Today in Evil

It’s Amazon’s turn, and Amazon has been so bad about protecting its workers, and giving any information to its employees about outbreaks at warehouses, that its employees have set up trackers so that they can know when they are being endangered by the company:

Usually Jana Jumpp works nights loading trucks at an Amazon facility the size of 28 football fields in Jeffersonville, Ind. Now, she spends them shut in her room, clacking away on her sluggish computer.

The emails and Facebook messages from Amazon workers at warehouses across the country tumble in.


Jumpp has a counterpart at Amazon-owned Whole Foods, Katie Doan, who has been collecting cases since April 2. The two women have never spoken, but they describe nearly identical work fielding a torrent of private messages, searching Facebook groups, Reddit, Twitter and news outlets for reports of infections, and meticulously updating Google documents with the numbers.

Jumpp and Doan, who until this week worked at a store in Tustin, a city in Orange County, say they do this because their co-workers don’t feel safe; they aren’t able to gauge the risk of reporting for work to their warehouse or store because Amazon won’t tell them how many people are believed to have gotten infected there.

As of Wednesday, 343 Whole Foods workers had tested positive, according to crowdsourced data in a publicly available Google document. Of those, 44 cases are in 24 store locations across California. At least Four Whole Foods employees have died, including a manager at a store in Pasadena.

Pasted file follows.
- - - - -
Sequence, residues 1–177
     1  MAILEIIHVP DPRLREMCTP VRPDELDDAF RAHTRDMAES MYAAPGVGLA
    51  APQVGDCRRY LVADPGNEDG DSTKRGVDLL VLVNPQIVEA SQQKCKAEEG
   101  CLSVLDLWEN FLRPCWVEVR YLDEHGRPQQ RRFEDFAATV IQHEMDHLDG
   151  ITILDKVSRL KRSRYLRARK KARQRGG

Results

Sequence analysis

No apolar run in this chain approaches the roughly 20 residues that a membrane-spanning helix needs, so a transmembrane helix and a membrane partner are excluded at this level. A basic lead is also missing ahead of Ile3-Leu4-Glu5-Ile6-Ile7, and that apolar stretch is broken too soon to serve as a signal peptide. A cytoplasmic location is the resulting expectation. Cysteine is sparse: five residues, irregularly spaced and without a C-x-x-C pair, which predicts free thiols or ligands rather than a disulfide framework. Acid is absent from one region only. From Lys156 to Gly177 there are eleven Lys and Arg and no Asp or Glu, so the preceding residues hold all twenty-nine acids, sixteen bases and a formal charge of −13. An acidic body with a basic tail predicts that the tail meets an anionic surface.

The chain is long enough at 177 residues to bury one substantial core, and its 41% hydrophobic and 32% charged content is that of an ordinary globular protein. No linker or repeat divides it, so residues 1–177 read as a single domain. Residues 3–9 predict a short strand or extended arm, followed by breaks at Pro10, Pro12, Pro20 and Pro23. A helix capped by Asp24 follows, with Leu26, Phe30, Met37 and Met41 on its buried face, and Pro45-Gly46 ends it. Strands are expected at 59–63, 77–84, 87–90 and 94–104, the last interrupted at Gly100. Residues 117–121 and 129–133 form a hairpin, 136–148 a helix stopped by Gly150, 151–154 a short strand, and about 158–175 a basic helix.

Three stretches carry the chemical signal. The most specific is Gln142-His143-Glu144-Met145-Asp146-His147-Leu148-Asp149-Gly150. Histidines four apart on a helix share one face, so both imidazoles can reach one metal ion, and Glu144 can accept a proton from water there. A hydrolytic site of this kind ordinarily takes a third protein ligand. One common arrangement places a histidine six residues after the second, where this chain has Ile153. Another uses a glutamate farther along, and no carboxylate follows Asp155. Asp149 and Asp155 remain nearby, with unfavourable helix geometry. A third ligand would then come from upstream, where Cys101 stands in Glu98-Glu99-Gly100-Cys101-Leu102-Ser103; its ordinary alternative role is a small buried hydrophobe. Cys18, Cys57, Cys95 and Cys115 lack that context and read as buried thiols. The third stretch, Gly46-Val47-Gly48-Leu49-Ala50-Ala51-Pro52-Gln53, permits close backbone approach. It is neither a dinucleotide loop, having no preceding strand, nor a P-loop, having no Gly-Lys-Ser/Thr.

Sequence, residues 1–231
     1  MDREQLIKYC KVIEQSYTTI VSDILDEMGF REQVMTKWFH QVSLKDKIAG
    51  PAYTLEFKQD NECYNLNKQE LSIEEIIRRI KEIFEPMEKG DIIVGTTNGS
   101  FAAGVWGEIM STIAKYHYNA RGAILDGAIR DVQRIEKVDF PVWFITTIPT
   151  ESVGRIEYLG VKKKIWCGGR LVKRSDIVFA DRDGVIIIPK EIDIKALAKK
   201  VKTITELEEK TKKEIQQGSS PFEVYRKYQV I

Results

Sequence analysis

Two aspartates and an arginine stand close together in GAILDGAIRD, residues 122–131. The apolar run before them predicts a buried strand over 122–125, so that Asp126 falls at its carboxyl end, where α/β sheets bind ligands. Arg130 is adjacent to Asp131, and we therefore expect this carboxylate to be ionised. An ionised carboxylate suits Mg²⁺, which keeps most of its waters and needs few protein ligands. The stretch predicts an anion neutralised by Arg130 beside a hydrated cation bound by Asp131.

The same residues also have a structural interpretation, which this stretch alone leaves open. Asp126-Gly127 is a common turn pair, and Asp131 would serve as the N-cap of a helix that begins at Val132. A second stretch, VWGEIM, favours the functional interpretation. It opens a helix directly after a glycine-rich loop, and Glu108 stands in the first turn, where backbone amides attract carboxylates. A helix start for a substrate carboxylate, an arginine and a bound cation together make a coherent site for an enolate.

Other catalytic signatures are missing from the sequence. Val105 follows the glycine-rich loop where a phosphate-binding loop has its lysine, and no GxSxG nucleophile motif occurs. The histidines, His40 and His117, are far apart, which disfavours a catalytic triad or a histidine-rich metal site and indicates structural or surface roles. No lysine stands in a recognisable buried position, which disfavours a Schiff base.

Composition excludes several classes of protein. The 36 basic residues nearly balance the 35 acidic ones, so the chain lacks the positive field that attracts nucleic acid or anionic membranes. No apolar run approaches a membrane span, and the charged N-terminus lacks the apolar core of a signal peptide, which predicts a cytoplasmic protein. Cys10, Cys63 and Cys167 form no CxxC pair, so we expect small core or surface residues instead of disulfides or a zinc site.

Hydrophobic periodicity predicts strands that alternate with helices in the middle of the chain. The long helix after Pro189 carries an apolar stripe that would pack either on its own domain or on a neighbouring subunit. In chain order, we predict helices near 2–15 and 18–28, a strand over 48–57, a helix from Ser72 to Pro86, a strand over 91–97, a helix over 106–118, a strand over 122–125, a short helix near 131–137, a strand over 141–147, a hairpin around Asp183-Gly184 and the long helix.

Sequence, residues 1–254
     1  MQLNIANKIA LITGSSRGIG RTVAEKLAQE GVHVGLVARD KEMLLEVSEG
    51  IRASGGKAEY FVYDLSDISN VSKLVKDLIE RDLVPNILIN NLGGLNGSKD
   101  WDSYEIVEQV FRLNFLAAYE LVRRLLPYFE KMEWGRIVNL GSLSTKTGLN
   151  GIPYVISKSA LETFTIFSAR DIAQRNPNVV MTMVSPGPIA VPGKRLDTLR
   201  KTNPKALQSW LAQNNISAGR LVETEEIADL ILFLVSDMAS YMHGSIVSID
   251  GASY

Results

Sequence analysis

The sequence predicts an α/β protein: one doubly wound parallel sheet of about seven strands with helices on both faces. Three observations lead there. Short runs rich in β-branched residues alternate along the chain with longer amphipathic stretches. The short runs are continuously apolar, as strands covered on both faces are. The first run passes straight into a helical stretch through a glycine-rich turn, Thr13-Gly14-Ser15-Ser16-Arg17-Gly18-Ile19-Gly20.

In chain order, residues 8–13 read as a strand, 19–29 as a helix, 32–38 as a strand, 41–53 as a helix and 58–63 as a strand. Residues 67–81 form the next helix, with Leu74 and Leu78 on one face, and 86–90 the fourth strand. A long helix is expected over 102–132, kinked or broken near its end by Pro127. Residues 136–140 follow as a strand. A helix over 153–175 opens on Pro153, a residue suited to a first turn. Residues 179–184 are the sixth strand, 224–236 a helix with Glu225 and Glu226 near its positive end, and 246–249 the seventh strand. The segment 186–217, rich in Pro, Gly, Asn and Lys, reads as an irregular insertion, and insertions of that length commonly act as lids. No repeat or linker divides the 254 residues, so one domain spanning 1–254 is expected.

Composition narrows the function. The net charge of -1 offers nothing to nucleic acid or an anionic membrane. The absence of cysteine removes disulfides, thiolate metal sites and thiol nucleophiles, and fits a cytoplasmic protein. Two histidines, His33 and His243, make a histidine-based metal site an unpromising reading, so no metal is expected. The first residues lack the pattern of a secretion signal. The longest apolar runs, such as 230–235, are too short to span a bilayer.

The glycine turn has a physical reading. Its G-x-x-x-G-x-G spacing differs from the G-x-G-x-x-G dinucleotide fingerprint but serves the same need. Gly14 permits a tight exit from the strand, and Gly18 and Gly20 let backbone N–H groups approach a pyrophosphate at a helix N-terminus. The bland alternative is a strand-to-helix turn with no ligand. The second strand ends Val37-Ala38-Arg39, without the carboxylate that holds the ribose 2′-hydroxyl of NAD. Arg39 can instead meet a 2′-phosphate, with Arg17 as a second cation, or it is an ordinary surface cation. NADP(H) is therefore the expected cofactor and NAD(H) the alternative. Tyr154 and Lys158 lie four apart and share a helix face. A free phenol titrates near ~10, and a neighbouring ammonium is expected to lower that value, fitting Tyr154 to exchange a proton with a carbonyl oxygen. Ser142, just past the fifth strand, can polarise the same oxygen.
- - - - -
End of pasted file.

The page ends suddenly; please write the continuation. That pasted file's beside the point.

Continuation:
Amazon’s response is typical corporate bullsh%$


Yet Amazon has challenged the notion that it should be providing fuller data. An Amazon spokesperson said the company does track the information at a site level but does not release the aggregate numbers because those numbers might contain outdated information — cases that were resolved weeks or months ago — and thus are not informative to workers.


Dr. David Eisenman, director of the Center for Public Health and Disasters at the UCLA Fielding School of Public Health, disagreed. He said that type of data, correctly gathered, is crucial for reducing future infections of employees and understanding which kinds of job sites and occupations carry elevated risk of contracting COVID-19.

“Saying aggregate data is not useful is like pulling wool over your eyes. Of course it’s useful, we’re using it to open the country up again,” Eisenman said.

Yet another reason to hate Amazon.

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